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Re: Why not reinvent the wheel?
- From: Charles Reitzel <firstname.lastname@example.org>
- To: Vasileios Papadimos <email@example.com>
- Date: Mon, 26 Feb 2001 22:13:31 -0500 (EST)
At 10:10 AM 2/26/01 -0800, Vasileios Papadimos wrote:
>On Mon, Feb 26, 2001 at 12:10:43AM -0500, Charles Reitzel wrote:
>> Without getting into semiotics - please - I don't get this
>> one. If both will return the same result set against all
>> given data sets, then they have de facto the same semantics.
>> The same can be said for equivalent but different XSLT
>> stylesheets or XML Queries. If they aren't semantically
>> equivalent, then the XSLT representation of the original
>> XQuery was inaccurate.
>Just because you can rewrite an XQuery query into XSLT,
>with the same input/output, doesn't mean that you should
>necessarily do so, nor that XQuery is superfluous.
>We still have tens, or even hundrends, of programming languages,
>even though all of them are Turing complete!
Just because you can, doesn't mean you should. As a standards body, the W3C
should exercise restraint in foisting redundant standards on the web
>One of the reasons that relational databases have been so
>successful, is that they provided a better, succinct way
>to *express* queries. It's not that you can't express a >relational query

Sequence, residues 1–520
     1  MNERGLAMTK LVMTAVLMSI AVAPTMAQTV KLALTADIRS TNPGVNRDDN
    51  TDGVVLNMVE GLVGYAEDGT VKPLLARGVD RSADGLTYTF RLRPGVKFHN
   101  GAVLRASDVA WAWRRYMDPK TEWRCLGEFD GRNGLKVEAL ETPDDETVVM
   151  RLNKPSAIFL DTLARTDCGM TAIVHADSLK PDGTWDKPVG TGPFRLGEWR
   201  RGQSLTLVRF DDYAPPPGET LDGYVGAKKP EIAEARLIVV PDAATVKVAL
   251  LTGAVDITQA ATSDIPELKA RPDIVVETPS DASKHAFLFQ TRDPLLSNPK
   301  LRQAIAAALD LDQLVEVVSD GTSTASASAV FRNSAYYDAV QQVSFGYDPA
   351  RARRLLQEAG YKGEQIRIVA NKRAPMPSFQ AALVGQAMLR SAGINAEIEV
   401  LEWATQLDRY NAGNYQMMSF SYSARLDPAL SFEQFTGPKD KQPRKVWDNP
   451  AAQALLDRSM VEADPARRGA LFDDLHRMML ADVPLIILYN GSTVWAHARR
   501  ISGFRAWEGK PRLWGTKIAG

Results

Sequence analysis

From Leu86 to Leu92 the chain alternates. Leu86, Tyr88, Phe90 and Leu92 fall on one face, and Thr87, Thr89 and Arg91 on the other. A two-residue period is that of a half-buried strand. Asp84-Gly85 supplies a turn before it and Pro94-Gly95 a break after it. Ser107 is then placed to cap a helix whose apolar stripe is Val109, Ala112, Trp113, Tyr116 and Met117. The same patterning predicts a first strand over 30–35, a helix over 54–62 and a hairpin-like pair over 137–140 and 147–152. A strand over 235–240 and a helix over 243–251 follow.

in a hierarchical or networked model;
>the relational, declarative query is simply easier to
>write, easier to understand, and easier to optimize.
>I believe the same is true for XQuery; having a simple,
>succinct way to form queries in a declarative way, and
>letting the optimizer decide on the best implementation
>is the way to go.
Yes, separation of query expression from execution plan and physical schema
is a good thing. You get it with both XQuery and XSLT for the same reasons
in each case. For both, the XQuery/XSLT engine will decide the details of
document traversal, intermediate tree building, sorting, etc.
That leaves the syntax issue, which IMO, does not justify an entire,
freestanding query standard. It may well justify a non-XML front end to
XSLT, however. I'm sure, day-to-day, I'd prefer to use one.
I think this would be a good evolutionary strategy. If XQuery is a front
end to XSLT, there is nothing stopping the intermediate format from being
optimized away, so to speak. But the underlying engine is the same.
Anybody remember cfront?
take it easy,